Is Mercedes' Formula E Team eBike Worth $5,100? Here's What You Need to Know - Men's Health Magazine Australia

Is Mercedes’ Formula E Team eBike Worth $5,100? Here’s What You Need to Know

And what you should be looking for in a quality ebike.

Odds are, after a whole bunch of time stuck inside, you’ve probably already got that indoor exercise bike on lock for your home gym. But perhaps you’re finding it’s time to take your cycling skills to the streets, and enjoy all that fredoom we finally have post-lockdown.

Now, we can’t all be professional cyclists (or really, unabashed bicycle enthusiasts)—and while we love the idea of riding a two-wheeler to work on a regular basis, in reality, it can feel like a lot. No worries, that’s where an e-bike comes in (and for those who are wondering, yes- you can still get a solid workout with one of these bad boys).

Mercedes e-Bike

Revealed by the brand almost 12-months ago, Mercedes-Benz’s collection of high-performance electric bikes have become pretty hot property since landing Down Under. The four options – the classic Formula E Team eBike, the Silver Arrows eBike and sport edition, as well as the Championship Edition eBike – are not only the most stylish bikes you will ever see, but have the tech to match.

These new models will add some extra push to your daily rides, but do so in an exceptionally smooth, seamless, and quiet way—in other words, you don’t find any buzzy motors here. Top speeds clock in at 28 mph (45k/h), which is certainly nothing to scoff at (plus, who doesn’t enjoy riding fast?). But what might be the most enticing aspect of these new e-bikes might be the software that makes them, well, electronic.

The bikes include sleekly framed batteries and drive units, as well as high-tech digital dashboards with a “password-activated security immobilizer”, helping to prevent theft.

They also employ mid-drive motors for better dynamics and “constantly-variable” technology — meaning no discrete gears to switch between — and use carbon belt drives which are known for being silent, durable, and expensive options for transferring power from the motors and pedals to the wheels.

The Formula E Team eBike, which we tried, would be your entry-level option at $5,100.00 AUD. I know, I know! But knowing that it’ll only get better with time and software updates, this may be the commuter bike for you. You may even want to swap your car for one of these.

And plus, it’s a Mercedes after all.


Weight: 20.5 kg (45lbs) total weight, including single battery

Riders height: Optimized for riders between 165-200 cm tall

Gearing: Enviolo constant variable transmission

Power: 80 Nm / 250 W mid drive motor

Top Speed: 25 km/h (15.5 mph)

Range: 70km (43 miles)

Battery: Single 36v/7ah

Charging Time: 100% recharged in 3.5 hours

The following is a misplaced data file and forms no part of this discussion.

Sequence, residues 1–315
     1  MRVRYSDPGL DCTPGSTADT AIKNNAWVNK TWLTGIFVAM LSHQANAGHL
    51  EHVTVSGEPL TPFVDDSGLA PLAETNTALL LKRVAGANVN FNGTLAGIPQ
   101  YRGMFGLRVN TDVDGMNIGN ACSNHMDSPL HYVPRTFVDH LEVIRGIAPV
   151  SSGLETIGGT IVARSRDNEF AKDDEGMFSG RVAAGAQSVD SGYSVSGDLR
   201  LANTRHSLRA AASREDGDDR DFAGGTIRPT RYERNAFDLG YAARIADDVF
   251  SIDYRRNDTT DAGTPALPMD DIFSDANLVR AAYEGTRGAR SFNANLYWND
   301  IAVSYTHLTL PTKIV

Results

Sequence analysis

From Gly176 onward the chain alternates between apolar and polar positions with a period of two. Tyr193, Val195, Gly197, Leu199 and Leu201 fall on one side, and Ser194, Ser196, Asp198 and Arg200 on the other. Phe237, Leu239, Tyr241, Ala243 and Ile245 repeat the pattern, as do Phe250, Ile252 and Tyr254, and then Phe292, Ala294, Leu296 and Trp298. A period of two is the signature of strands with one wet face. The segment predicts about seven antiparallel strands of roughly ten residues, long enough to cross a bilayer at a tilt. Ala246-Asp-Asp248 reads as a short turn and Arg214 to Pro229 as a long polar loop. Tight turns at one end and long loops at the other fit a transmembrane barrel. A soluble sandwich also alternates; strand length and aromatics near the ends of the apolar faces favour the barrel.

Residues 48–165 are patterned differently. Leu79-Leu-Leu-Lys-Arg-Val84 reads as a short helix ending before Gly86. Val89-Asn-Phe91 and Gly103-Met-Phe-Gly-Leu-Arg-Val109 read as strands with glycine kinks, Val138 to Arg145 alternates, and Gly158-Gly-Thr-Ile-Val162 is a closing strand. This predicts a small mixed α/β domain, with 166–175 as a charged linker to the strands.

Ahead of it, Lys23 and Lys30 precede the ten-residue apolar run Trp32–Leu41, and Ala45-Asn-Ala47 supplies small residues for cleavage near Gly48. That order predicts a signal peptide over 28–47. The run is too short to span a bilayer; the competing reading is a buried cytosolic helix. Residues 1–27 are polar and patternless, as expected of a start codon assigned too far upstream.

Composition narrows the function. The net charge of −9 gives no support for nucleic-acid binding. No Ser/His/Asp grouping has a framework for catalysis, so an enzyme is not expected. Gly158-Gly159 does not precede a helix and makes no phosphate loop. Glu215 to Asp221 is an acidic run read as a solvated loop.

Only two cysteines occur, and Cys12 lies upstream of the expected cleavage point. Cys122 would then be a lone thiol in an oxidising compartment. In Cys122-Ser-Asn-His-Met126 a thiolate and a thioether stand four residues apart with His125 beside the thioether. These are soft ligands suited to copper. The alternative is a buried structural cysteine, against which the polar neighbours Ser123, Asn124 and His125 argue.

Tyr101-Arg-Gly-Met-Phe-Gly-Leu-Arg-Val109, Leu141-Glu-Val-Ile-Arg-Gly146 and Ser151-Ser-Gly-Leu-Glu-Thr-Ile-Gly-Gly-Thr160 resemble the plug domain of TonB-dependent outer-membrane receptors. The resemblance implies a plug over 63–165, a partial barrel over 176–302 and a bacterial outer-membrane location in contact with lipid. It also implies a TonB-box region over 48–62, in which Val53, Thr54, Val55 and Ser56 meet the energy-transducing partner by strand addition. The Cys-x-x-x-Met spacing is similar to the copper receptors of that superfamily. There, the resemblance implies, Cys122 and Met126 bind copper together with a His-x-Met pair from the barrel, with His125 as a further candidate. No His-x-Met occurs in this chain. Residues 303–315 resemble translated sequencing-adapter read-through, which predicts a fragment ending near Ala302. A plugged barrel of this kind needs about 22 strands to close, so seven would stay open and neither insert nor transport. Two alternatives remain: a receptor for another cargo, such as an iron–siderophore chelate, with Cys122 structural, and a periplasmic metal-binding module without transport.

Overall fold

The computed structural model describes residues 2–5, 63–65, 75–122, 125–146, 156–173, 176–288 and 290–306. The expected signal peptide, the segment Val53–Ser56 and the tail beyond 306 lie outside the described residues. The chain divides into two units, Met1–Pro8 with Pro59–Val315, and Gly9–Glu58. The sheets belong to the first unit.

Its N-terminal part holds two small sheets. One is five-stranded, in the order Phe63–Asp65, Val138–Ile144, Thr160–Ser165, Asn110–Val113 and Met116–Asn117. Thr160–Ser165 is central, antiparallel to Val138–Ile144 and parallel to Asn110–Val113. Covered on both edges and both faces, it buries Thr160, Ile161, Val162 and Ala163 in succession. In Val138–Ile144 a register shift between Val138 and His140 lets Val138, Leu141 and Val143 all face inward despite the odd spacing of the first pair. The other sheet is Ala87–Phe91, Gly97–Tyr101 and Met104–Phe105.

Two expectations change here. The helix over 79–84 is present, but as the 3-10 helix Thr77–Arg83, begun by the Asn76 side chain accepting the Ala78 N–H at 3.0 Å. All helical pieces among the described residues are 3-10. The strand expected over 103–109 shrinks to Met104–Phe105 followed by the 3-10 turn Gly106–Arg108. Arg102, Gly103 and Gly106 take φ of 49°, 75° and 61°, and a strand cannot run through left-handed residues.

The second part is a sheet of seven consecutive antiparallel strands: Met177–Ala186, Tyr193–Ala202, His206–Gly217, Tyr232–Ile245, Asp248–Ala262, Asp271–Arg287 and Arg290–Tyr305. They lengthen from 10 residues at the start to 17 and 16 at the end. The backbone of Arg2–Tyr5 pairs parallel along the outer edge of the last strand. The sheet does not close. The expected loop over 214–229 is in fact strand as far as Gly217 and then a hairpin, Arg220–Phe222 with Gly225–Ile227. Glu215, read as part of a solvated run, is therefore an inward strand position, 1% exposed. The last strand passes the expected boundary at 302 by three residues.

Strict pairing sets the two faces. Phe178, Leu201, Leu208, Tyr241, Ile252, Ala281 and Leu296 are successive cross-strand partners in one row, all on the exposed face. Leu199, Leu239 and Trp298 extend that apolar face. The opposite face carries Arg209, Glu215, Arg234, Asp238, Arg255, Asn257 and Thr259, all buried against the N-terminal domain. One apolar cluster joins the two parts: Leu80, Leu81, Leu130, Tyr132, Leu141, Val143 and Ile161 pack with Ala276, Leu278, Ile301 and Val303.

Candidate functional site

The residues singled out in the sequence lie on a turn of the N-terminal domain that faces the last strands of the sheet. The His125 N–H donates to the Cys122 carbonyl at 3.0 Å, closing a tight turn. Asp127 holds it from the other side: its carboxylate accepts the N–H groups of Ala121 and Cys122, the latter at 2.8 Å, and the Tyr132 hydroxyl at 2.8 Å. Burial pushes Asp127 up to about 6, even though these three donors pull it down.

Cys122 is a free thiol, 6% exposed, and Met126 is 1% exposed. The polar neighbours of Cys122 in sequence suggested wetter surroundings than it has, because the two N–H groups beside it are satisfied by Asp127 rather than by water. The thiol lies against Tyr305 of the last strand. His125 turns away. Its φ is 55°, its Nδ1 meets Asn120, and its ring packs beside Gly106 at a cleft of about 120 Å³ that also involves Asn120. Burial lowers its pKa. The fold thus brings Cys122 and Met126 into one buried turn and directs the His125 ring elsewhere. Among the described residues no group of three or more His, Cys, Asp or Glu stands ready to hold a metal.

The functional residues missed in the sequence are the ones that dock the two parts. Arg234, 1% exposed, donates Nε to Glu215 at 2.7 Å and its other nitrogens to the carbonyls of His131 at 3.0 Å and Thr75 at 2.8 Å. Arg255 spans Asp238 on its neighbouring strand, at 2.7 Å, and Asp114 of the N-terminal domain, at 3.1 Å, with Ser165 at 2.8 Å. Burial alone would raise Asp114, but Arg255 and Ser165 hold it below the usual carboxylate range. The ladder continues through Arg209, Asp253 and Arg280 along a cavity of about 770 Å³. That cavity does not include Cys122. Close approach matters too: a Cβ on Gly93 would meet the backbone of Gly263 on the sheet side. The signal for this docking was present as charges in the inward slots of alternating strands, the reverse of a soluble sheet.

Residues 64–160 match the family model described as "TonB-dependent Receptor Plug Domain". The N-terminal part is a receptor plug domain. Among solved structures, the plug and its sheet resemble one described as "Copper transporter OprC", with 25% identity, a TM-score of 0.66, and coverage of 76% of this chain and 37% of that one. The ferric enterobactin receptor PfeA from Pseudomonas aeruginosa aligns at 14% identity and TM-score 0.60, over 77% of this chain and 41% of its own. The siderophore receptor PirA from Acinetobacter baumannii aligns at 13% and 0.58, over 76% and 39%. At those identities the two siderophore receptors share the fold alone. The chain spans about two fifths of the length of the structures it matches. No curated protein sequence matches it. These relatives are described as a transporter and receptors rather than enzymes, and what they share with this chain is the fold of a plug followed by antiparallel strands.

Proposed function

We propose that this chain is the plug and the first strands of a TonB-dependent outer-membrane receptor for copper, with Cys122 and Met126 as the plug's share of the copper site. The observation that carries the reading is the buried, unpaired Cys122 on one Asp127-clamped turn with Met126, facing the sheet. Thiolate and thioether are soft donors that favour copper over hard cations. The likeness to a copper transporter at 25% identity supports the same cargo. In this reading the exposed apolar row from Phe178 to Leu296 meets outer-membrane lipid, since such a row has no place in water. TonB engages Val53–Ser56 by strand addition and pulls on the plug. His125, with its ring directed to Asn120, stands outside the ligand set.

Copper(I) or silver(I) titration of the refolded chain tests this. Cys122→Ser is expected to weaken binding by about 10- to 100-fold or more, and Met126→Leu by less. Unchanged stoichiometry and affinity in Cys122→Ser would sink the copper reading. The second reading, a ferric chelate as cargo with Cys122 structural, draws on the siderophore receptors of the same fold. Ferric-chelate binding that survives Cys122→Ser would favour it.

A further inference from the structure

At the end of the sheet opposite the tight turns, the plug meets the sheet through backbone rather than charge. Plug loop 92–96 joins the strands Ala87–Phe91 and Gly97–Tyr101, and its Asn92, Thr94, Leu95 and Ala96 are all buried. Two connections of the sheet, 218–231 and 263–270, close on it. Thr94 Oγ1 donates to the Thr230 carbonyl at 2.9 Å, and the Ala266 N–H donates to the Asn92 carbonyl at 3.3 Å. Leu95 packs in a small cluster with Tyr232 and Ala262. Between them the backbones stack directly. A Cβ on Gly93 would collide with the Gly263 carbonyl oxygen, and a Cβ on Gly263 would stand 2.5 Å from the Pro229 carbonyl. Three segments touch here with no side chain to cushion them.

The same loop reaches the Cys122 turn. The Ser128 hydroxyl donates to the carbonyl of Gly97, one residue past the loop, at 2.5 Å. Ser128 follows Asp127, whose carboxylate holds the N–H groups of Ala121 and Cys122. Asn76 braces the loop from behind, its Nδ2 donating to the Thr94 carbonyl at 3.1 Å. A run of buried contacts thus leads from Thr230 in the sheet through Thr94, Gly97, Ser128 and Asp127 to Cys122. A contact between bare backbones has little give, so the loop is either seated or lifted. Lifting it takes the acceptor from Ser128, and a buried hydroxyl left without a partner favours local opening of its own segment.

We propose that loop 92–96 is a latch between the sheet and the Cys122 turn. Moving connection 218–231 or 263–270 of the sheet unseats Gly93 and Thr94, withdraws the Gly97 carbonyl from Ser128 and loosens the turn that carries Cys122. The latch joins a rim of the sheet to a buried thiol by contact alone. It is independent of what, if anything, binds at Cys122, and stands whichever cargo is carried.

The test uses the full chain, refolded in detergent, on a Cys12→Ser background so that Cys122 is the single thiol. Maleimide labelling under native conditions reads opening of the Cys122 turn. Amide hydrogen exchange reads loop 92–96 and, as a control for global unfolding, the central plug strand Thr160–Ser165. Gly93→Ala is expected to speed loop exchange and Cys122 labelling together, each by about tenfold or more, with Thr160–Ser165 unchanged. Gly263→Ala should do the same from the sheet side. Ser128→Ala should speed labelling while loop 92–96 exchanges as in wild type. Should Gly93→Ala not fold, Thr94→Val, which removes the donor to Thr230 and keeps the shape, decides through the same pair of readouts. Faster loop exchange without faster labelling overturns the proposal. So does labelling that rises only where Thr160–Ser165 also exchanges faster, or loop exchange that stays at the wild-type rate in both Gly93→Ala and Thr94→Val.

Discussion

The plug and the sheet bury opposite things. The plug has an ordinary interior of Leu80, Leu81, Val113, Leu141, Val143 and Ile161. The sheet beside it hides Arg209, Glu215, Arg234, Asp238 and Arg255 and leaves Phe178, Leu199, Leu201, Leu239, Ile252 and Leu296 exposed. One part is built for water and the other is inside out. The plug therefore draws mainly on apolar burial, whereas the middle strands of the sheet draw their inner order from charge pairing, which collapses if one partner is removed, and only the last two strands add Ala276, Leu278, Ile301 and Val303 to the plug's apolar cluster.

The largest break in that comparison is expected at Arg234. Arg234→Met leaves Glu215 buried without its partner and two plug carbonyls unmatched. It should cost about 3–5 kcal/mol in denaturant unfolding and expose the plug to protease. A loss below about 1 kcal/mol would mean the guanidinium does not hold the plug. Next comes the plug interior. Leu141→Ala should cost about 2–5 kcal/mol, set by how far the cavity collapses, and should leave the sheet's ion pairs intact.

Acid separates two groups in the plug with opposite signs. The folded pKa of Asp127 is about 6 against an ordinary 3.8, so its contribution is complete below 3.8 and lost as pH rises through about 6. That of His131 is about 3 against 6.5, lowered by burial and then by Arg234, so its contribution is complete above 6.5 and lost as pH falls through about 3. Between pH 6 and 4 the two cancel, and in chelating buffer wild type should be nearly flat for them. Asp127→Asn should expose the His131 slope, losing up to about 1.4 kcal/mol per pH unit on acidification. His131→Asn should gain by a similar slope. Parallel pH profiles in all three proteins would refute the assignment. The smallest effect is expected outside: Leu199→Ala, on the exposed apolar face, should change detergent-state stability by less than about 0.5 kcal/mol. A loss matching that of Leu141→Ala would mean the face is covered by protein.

Types of electric bike

E-bikes come in all shapes and sizes, just like ‘ordinary’ cycles, so it should be easy to find something that suits your needs.

There are simple hybrid designs (much like racing bikes but with straight handlebars), classic step-through designs, folders, e-mountain bikes and full-on racers, should you feel the need for speed.

What to look for when buying an e-bike


Even the most modern motors and batteries are still fairly hefty, so an e-bike will always be heavier than the equivalent non-electric model. The average weight is around 20kg, but some are almost three times the weight of a standard hybrid. ‘Dutch-style’ step-through designs, for example, can come in at 25kg or more.

If you regularly need to take your bike up steps or lift it into the back of a car, consider a lighter folding model. Some racer-style e-bikes weigh around 12kg, but these can cost a fortune.


Use your e-bike regularly to get the best performance out of its battery – they don’t take kindly to being left to run flat for weeks or months on end – and make sure you can remove it for recharging indoors if you have nowhere secure to plug it in outside. Most batteries will recharge from flat in just a few hours.

The size of the battery can dictate the range of the e-bike, so if you only need it for local trips, don’t spend more money on a model that can last for ages between fuel-ups.


Most riders will find 30 to 50 miles of range plenty, but some batteries can transport e-bike and rides up to 100 miles if used sparingly.

Bear in mind that zooming about on the highest power setting can burn through even a bigger, fully-charged battery in as little as 20 miles – and it’s no fun trying to coax a heavy e-bike home on leg power alone.


Even with today’s soaring electricity prices, it costs barely anything to charge an e-bike’s battery – less than boiling a kettle. However many miles you rack up over a year, you’re still likely to make huge savings over the cost of running a car.

Just don’t forget to factor in the cost of a yearly service – a heavy e-bike will go through brake pads and tyres faster than a manual cycle.

E-bike AU rules

The laws for e-bikes in Australia are quite simple. To be ridden on public roads, e-bikes must:

1. Have a motor that is 250 watts or less.

2. If it has a throttle (that powers the bike without pedalling), have a motor that is 200 watts or less.

3. Be speed limited to 25km/h

Throttles are allowed on 250w motors if limited to 6km/h (to assist with walking the bike).

It is possible to purchase e-bikes with much higher than 250w power in Australia. There’s nothing stopping these being sold, but they just cannot be ridden on public roads. Most sellers of these bikes have in really tiny fine print on their website something like: *to be ridden on private property only.

By Nikolina Ilic

Nikolina is the former Digital Editor at Men's Health Australia, responsible for all things social media and .com. A lover of boxing, she has written for Women's Health, esquire, GQ and Vogue magazine.

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